HERON survey fishes out detail in ghostly galaxy outskirts

The nearby edge-on spiral galaxy NGC 3628 is 35 million light-years distant; the tail of material has an extent far exceeding the full diameter of the Milky Way. This illustration and the two following it have four panels that progress clockwise in illustrating fainter galaxy features. While the tail has been known for decades, the faintest parts of the disk reveal stars expelled roughly 100,000 light years from the collision that likely produced the tail, resulting in the odd "dog-bone" like structure. If it were visible to the eye, this galaxy's full extent would be greater than that of the full moon. The Galaxy and tail system is several times the size of our Milky Way.
Credit
R. Michael Rich, UCLA

Astronomers have completed the largest survey to date of the faint outskirts of nearby galaxies, successfully testing a low-cost system for exploring these local stellar systems. R. Michael Rich of the University of California, Los Angeles led an international team carrying out a survey for the Haloes and Environments of Nearby Galaxies (HERON) collaboration, published in a paper in Monthly Notices of the Royal Astronomical Society. The team find that the diameters of the galactic outskirts – the haloes - appear to correlate with the brightness and type of galaxy.

Elliptical galaxy NGC474
Figure 1. Images of the elliptical galaxy NGC474. 91 million light-years away, this galaxy has a complex of shells and streamers roughly 200,000 light-years across, caused by a collision with a smaller galaxy that has likely occurred with the last 1 billion years. The inset shows a neighbouring galaxy that appears to be in the act of consuming a smaller flat galaxy. The left-hand image is a 1-hour exposure using the C28 0.7-m telescope described in the study. The centre image is a 21.5-hour exposure from the Irida Observatory, using a 30-cm photographic telescope; the right-hand image is from the 3.6-m Canada-France Hawaii Telescope on Maunakea. Centre and right-hand panels are courtesy of Prof P. Duc and Astronomy & Astrophysics. The full image spans roughly the diameter of the full Moon as seen on the sky.
Credit
R. Michael Rich, UCLA / Prof. P. Duc / Astronomy & Astrophysics
Images of the elliptical galaxy NGC474. 91 million light-years away, this galaxy has a complex of shells and streamers roughly 200,000 light-years across, caused by a collision with a smaller galaxy that has likely occurred with the last 1 billion years. The inset shows a neighbouring galaxy that appears to be in the act of consuming a smaller flat galaxy. The left-hand image is a 1-hour exposure using the C28 0.7-m telescope described in the study. The centre image is a 21.5-hour exposure from the Irida Observatory, using a 30-cm photographic telescope; the righthand image is from the 3.6-m Canada-France Hawaii Telescope on Maunakea. Centre and righthand panels are courtesy of Prof P. Duc and Astronomy & Astrophysics. The full image spans roughly the diameter of the full moon as seen on the sky.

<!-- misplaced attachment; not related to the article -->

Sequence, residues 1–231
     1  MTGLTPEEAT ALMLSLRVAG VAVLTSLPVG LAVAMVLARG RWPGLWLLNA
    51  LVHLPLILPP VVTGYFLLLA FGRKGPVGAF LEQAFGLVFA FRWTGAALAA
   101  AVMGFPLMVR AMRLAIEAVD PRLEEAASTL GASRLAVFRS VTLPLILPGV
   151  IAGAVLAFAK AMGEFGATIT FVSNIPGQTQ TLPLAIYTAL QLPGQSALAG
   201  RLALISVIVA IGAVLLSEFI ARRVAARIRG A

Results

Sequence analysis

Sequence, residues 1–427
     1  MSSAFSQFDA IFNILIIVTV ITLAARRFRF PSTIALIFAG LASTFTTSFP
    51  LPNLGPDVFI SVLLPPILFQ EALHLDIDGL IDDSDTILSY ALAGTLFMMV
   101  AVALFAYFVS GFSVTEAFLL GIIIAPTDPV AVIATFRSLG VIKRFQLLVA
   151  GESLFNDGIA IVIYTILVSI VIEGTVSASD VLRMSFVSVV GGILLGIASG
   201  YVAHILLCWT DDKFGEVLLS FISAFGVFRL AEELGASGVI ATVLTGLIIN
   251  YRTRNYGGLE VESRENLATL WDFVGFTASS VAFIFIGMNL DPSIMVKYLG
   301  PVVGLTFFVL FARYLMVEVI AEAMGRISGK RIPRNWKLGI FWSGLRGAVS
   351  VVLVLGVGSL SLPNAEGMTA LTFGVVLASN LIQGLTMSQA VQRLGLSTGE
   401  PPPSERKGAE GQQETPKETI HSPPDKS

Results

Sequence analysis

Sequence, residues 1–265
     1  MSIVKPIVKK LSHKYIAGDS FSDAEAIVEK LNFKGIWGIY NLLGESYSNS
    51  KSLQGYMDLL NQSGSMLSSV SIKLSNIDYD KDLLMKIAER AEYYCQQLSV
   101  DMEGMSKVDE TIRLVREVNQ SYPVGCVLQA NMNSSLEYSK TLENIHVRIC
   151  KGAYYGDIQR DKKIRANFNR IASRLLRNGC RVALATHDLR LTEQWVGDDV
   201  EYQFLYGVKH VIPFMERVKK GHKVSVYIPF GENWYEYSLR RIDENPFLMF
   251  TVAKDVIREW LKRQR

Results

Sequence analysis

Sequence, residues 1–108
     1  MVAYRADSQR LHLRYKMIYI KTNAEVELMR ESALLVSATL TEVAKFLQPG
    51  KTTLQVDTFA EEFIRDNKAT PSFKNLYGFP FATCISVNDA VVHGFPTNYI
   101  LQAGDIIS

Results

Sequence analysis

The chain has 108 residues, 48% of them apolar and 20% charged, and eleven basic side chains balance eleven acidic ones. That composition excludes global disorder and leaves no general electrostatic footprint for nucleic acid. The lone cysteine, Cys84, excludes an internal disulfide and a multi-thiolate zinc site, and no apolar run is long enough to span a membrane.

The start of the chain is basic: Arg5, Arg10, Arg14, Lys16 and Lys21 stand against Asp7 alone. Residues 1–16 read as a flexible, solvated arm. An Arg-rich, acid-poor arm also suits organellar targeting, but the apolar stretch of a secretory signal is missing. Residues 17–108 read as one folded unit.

The outer regions of galaxies contain ancient stars ejected in collisions with other galaxies, as well as stars that were among the first to form in the galaxy’s history. Understanding these regions helps trace the invisible dark matter structures enmeshed with the visible stars and gas that make up the most obvious component of a galaxy.

 

For the survey the team used a dedicated relatively small 28-inch (0.7-m) telescope based near Frazier Park, California; 119 galaxies were observed in the study, a larger data set than any previous survey of this type. Images were acquired using a CCD chip (similar to that found in digital cameras), with each pixel on the chip covering a larger area of sky than a similar system in larger telescopes. The result was that in a 1-hour exposure, the telescope reveals the faint shells and plumes ejected in galaxy collisions as clearly as a comparable length exposure on the 3.6-m Canada France Hawaii Telescope, or a total exposure time of 21 hours using a conventional amateur telescope. The total cost of the telescope system is economical too: roughly US$150,000 (£121,000) or less than 10% of the cost of similar competing projects.

 

“We were surprised at how powerful a telescope of such modest size could be”, said Rich. “There will be many interesting fish to catch in this particular bay of the cosmic ocean, offering a potential lifetime of studies with very large telescopes”, he added.

An image of a dwarf elliptical galaxy satellite of the spiral galaxy NGC 7331
Figure 2. An image of a dwarf elliptical galaxy satellite of the spiral galaxy NGC 7331, a galaxy similar to the Milky Way's companion, the great Andromeda galaxy M31. This image shows the same exposure, but with increasing emphasis on very faint features. This study reveals for the first time that this galaxy is 50,000 light-years across (half the size of the Milky Way), and may be in the process of dissolving into the halo of NGC 7331 as its stars are stripped by gravitational tides. If one end of this galaxy were placed at the centre of the Milky Way, the other end would reach nearly to the edge of our Galaxy's disc, well past the location of the Sun.
Credit
R. Michael Rich, UCLA
An image of a dwarf elliptical galaxy satellite of the spiral galaxy NGC 7331, a galaxy similar to the Milky Way's companion, the great Andromeda galaxy M31. This image shows the same exposure, but with increasing emphasis on very faint features. This study reveals for the first time that this galaxy is 50,000 light-years across-half the size of the Milky Way, and may be in the process of dissolving into the halo of NGC 7331 as its stars are stripped by gravitational tides. If one end of this galaxy were placed at the centre of the Milky Way, the other end would reach nearly to the edge of our Galaxy's disk, well past the location of the Sun.